In January every year we have to renew our Tessera Sanitaria. Our access to the Italian Health care system. We have to visit our ASL – Azienda Sanitaria Locale. We are required to bring copies of our “certified by the American Embassy in Rome”, Social Security statements. Only Umbria requires this, as far as we know. Then we pay 7.5% of that amount at the post and return to the ASL for our new cards. But first, we needed appointments, which we have for next week. An annual ritual.
Now is also the time to pay our auto Bollo, or our tax on the Volkswagen. And also, this year, the inspection which is bi-annual. The Bollo can be paid online but only after you get a SPID which is a secure email address. It took Luther a good deal of time to get that all worked out. The inspection will be week after next.
The poor old Volkswagen gets very little love. She hardly ever gets washed, and gets the minimum of maintenance. She is our workhorse, a really a decent, everyday car. So anyway, we took her to Happy Car for a much needed bath.
It was our first time here. There were maybe six workers? All hustling like their lives depended on it. Maybe they did? First, you park outside and they vacuum the car. Then, they drive into the building for the wash, two guys. High powered spray but wash all by hand. Then outside for drying and interior washing, floor mats are returned, wheels are cleaned, tires blacked. I don’t know how the money is split. The rent on the building and the water etc must be paid. Maybe the rest is split? Or maybe they are just hired by some Fat Cat who runs the show? Don’t know. The workers aren’t Italians, but they hustle like they get a piece of the action. Bottom line. This hand wash, interior vac and cleaning cost €10 or about $11. A bargain.
~~~~~~ Covid cases are up here, like everywhere. I read a tip about the self tests. The instructions say swab inside your nose. But i heard Omacron starts in the throat so it doesn’t show up in just a nasal swab. So, do your throat first, then your nose. Because it doesn’t show up in nasal swabs, a person is contagious for around 3 days even if testing negative (in the nose). Stay safe everyone. Andrà tutto bene 🌈
Such fun to make something new. Our lunch was not formal nor fancy. But it was good, and fun! It was especially fun to share with friends.
First thing I had to do this morning was de-head, de-shell and de-vein the shrimp. I wanted to use the heads and shells for my shellfish stock. Once done I browned the shells in olive oil. Then I added tomato paste for a couple of minutes and the vegetables (carrot, celery, parsley, bay leaves, spices) and finally, I deglazed the pain with white wine. It smelled great. I added the canocchia. Thanks to Phil, one of my readers, I now know the name of the unknown crustacean🙂. I simmered for about an hour and then strained it all through cheesecloth. I ended up with a beautiful rich stock for the brodetto.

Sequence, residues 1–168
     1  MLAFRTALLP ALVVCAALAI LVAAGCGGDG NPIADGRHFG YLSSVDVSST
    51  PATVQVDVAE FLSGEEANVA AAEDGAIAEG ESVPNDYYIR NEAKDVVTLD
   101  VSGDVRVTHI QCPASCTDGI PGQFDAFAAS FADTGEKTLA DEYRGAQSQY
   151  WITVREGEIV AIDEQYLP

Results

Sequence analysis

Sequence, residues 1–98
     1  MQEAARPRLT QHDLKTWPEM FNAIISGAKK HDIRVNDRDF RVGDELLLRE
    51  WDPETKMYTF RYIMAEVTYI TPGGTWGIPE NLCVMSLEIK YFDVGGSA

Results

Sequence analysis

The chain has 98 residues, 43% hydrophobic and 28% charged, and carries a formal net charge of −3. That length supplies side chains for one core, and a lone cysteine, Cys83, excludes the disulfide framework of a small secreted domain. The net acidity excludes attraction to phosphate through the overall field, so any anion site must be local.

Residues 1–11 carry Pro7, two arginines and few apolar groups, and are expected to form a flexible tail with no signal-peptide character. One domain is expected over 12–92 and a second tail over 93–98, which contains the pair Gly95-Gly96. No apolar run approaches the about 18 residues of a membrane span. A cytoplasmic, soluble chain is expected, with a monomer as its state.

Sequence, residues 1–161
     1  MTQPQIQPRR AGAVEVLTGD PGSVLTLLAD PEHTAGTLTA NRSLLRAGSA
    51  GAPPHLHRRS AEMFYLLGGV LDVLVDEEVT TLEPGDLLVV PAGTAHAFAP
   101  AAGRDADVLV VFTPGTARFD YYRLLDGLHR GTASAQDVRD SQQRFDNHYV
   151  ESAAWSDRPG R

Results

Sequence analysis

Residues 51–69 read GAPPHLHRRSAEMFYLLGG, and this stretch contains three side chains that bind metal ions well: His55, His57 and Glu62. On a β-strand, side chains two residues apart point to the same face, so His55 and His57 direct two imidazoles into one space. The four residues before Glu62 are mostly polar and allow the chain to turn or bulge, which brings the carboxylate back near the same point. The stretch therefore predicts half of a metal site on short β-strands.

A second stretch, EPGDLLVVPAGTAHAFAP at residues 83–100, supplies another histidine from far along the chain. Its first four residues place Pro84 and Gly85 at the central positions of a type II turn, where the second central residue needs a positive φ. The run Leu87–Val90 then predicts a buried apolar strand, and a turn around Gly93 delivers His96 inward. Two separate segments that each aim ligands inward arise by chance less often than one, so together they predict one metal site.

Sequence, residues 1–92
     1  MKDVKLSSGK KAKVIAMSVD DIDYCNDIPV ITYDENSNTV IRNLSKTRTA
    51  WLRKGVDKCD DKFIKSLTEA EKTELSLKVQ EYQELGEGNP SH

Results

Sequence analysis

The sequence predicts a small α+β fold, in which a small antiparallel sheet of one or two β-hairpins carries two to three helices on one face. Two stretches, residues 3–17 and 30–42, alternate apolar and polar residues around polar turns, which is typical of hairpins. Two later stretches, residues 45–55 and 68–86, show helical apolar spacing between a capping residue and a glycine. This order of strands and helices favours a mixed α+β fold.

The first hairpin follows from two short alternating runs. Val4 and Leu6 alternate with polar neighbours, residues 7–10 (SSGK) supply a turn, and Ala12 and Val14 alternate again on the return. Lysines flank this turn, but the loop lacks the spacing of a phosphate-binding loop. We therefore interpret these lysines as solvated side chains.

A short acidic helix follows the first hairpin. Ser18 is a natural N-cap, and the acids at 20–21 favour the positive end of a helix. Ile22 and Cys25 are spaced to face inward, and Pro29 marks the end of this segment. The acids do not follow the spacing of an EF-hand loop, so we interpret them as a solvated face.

I used my big cast iron pot for the final product. I sliced the pepper and sautéed it, I added garlic and tomatoes and simmered it all for fifteen minutes.
I scrubbed the clams and mussels. Then I soaked them in salt water so they could expel their grit. After their soaking, I cooked them separately in a big pan in wine.
I added the whole fish to the pepper/tomato mixture and then some broth. I cooked it a bit. Then I added the shrimp.
At the end I strained the cooking liquid from the mussels and clams. Then I added them and some of the broth to the pot. Finally it was all ready go!
It is served with toasted bread to soak up the juice. I will say it was a feast!
Big project tomorrow. Il Brodetto alla Termolese on the menu for Pranzo. Two friends will join us. you might remember my friend Jen and I had this special fish soup in the town of Termoli in Molise on our trip together (see post about the trip). We have been craving it ever since.
I went out to the big Wednesday market to see if my normal fish truck was there. It was missing last week and, alas, it was missing again today. Probably because of the holidays. So I decided to visit the other fish truck. I don’t know why I don’t normally go to him. Maybe because the lines are always so long. Today, I was out early, even before some of the stands were set up. So there was no line at all. As I looked over the large amount of very fresh seafood, I noticed about 40% of it was still moving. Now, THAT’S what I call fresh! It was really beautiful stuff. He even had oysters. I wanted to buy some, but I didn’t.
I bought all the food for our feast tomorrow. Two whole spigole, which are sea bass in English, shrimp, mussels (cozze), tiny clams (vongole) and the funny crustaceans they have here to make stock…not much meat and a pain to eat but for stock they should work well. I forget their name.
The mussels, clams, and the mystery crustaceans are all still alive. I remember once, long ago, I bought mussels at Whole Foods. They are always sold alive so you must let them breath. When I got to the checkout counter, the checker, a young girl, tried to tie the plastic bag, which held the mussels, closed. I told her not to do that since they were still alive and must breath. The shock on her face was priceless! She obviously didn’t know!